By Sandy C. Gregory
The yellow shirts of disaster relief volunteers are a welcomed site after disasters in North Carolina and around the world. Highly trained volunteers from NC Baptists on Mission (NCBM) relieve suffering by providing hot meals, debris removal, childcare, and in many other ways help families rebuild their lives and their homes after disasters.
As director of a partner ministry, North Carolina Baptist Aging Ministry (NCBAM), I’ve worked closely with NCBM. When not serving in disaster relief, the men and women of NCBM are some of NCBAM’s most dedicated volunteers. We call on them for wheelchair ramp construction, handyman repairs, transportation assistance, and anything else that helps us fulfill our mission to help aging adults maintain their independence in their own homes.
Over the past several years as natural disasters have appeared to increase, NCBAM began to research how to help older adults be better prepared for emergencies. We learned that disasters of all kinds affect older adults disproportionately. For example, older adults were 15% of New Orleans’ population, but accounted for 74% of hurricane Katrina casualties.
However, the statistic that solidified our call to action was found in the Disaster Ministry Handbook (Aten and Boan, 2016). In 2011, Tuscaloosa-Birmingham was struck by an F5 tornado and 348 people were killed. Forty-six percent of those were over age 55; half of those were over 80. Ninety percent of those older than 55 were members of local churches—none of which had any preparation program or communication plan to assist people during severe weather.
Because of this sad and startling statistic, we saw great opportunity for NCBAM to help churches protect their most vulnerable members as well as the most vulnerable in their communities—those over 65. NCBAM rolled out its disaster preparedness workshop in 2018 to an unprecedented response from Baptist churches. Most parishioners are well aware of the disaster relief work of NCBM and they quickly jumped on board with NCBAM’s approach to disaster preparedness.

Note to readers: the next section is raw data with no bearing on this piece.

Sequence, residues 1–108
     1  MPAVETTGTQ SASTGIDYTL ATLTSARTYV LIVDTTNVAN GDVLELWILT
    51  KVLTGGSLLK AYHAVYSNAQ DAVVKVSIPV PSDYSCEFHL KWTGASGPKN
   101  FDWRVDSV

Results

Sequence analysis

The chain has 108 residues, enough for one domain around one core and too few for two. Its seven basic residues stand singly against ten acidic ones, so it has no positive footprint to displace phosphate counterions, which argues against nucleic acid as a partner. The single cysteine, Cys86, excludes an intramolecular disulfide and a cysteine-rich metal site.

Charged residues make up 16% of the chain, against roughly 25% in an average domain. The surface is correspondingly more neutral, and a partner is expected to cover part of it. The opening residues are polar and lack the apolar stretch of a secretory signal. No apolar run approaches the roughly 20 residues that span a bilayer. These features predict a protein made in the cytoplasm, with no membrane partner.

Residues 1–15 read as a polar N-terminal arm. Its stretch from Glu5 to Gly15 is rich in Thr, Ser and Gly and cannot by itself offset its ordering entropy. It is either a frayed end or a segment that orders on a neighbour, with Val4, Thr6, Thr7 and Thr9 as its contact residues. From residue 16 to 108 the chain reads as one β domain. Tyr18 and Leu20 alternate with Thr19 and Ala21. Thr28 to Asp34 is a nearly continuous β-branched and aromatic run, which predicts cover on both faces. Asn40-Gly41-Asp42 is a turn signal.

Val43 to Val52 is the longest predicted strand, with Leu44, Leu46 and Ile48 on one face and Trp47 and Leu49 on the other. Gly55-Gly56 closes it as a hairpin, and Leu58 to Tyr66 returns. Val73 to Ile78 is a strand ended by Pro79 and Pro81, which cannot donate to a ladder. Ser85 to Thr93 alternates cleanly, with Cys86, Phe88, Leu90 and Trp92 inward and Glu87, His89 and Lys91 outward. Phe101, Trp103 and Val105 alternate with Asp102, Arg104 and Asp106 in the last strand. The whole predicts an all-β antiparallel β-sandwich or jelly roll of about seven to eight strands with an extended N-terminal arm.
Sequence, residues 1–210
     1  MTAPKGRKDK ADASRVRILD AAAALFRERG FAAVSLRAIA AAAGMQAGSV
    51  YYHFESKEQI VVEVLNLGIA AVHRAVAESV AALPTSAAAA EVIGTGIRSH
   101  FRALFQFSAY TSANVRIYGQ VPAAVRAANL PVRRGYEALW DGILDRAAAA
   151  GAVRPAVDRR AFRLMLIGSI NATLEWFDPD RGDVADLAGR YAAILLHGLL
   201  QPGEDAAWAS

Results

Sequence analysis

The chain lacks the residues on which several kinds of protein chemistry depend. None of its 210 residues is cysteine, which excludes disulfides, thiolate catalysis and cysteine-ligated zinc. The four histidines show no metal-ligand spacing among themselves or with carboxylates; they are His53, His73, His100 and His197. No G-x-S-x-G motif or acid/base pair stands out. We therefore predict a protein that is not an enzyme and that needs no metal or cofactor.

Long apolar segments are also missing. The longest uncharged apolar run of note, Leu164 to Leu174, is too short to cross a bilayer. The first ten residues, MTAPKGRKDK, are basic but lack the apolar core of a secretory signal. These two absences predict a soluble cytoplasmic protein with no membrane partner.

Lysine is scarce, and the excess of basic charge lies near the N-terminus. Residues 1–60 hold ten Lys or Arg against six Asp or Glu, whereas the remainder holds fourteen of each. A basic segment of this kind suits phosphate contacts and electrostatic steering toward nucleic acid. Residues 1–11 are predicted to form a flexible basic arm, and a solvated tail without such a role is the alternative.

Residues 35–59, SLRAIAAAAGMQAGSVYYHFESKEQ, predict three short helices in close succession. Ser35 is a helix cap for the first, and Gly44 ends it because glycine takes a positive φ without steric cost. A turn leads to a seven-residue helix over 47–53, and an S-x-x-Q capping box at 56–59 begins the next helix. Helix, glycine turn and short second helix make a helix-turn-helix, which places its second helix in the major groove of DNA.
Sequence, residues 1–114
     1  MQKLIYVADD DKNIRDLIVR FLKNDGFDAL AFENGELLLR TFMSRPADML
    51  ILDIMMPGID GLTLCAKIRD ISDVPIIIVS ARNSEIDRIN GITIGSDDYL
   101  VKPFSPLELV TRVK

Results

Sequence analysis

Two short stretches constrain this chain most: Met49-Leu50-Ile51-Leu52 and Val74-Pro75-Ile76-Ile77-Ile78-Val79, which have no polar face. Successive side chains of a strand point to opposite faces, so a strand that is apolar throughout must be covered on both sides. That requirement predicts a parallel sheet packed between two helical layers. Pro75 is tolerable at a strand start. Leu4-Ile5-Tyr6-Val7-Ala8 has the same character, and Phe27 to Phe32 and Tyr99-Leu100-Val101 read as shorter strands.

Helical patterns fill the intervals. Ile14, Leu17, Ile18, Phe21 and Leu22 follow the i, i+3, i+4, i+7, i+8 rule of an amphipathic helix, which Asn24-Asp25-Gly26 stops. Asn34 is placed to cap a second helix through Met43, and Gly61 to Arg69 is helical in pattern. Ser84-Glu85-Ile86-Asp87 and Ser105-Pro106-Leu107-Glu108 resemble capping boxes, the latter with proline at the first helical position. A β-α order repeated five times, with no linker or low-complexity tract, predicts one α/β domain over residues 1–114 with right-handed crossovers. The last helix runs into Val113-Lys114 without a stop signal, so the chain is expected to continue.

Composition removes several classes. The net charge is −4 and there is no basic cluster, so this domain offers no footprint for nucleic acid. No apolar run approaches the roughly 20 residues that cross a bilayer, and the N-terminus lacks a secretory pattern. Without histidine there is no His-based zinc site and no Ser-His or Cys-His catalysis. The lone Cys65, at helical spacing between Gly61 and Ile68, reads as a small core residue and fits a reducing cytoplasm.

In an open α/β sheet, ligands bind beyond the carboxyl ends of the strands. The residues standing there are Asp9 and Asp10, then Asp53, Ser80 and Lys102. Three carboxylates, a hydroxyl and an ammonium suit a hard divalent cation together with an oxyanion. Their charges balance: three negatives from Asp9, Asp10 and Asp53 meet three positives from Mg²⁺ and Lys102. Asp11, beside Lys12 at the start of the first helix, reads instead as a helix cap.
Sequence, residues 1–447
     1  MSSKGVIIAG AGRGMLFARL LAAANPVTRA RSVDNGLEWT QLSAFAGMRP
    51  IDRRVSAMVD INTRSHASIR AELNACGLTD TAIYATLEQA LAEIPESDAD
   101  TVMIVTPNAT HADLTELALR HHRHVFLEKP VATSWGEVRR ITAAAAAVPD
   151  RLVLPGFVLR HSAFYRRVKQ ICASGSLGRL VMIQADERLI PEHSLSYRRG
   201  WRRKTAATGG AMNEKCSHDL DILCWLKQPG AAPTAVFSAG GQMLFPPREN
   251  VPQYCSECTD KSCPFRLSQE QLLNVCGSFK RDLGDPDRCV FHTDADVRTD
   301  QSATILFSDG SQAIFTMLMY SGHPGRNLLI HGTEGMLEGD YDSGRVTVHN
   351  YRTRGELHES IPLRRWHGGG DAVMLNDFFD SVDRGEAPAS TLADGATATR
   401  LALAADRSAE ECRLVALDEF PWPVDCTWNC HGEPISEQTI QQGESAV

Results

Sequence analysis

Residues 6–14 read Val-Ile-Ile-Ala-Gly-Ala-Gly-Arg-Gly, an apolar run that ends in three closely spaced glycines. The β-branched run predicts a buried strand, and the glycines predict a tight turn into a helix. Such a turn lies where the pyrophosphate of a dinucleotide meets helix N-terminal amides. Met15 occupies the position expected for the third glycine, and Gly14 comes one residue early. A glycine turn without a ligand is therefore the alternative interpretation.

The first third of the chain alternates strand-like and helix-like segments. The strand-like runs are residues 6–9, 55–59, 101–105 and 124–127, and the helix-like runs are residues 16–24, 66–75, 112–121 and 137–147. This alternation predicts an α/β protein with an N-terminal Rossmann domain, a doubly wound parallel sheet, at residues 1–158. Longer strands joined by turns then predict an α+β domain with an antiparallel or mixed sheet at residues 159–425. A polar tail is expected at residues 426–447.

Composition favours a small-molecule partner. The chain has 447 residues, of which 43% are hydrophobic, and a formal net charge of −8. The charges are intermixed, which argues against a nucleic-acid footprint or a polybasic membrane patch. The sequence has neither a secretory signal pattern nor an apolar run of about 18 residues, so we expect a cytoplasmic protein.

NCBAM’s Disaster Preparedness workshops train churches to plan, implement, and maintain disaster preparedness ministries. Our focus is on older adults, but churches can, of course, choose to implement the program for all members as well as those in the community. The workshop has also received attention from other organizations. It will soon be presented to the Burlington Chapter of the Federation for the Blind where the material will be offered in braille.
In December of 2018, AARP-NC recognized NCBAM for “Outstanding Disaster Relief” for the role its Call Center played in assisting older adults affected by hurricanes Florence and Michael. One of our Call Center Specialists, Shirley Carlson, was able to provide especially powerful ministry to Callers because of her decades-long involvement with NCBM Disaster Relief prior to joining NCBAM. She knew first-hand that among the many needs of disaster victims, they sorely need someone to listen to what they’ve gone through. Shirley and other NCBAM Call Center Specialists were able to listen, pray, and refer Callers to NCBM groups, FEMA, and other agencies offering shelter and resources.
Baptist churches in North Carolina have embraced disaster relief for many years and are now embracing disaster preparedness because they understand that disaster ministry is only partly about the church being prepared for emergencies or extreme events. It’s primarily about the core ministry of the church—to be of service to those in need.
Sandy Gregory, DMin, is founding director of North Carolina Baptist Aging Ministry (NCBAM) and a FORSA council member.